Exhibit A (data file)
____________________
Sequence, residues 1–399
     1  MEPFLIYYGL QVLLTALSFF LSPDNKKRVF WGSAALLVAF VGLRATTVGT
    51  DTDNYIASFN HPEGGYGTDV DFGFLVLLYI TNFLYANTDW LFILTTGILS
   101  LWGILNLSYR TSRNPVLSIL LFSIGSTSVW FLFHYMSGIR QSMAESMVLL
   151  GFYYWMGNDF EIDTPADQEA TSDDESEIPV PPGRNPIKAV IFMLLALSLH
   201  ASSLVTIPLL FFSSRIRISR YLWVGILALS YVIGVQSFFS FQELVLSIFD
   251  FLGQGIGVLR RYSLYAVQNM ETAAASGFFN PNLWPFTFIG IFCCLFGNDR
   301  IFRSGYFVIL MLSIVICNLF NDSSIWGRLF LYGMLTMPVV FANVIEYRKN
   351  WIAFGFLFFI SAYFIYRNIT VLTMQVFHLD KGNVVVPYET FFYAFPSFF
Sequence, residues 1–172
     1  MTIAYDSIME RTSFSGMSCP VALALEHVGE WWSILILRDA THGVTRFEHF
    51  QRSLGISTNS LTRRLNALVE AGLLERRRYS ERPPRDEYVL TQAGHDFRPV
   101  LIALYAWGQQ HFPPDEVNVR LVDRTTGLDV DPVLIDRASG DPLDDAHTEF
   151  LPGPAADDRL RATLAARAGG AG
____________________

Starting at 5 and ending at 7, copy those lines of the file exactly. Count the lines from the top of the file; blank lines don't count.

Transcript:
   151  GFYYWMGNDF EIDTPADQEA TSDDESEIPV PPGRNPIKAV IFMLLALSLH
   201  ASSLVTIPLL FFSSRIRISR YLWVGILALS YVIGVQSFFS FQELVLSIFD
   251  FLGQGIGVLR RYSLYAVQNM ETAAASGFFN PNLWPFTFIG IFCCLFGNDR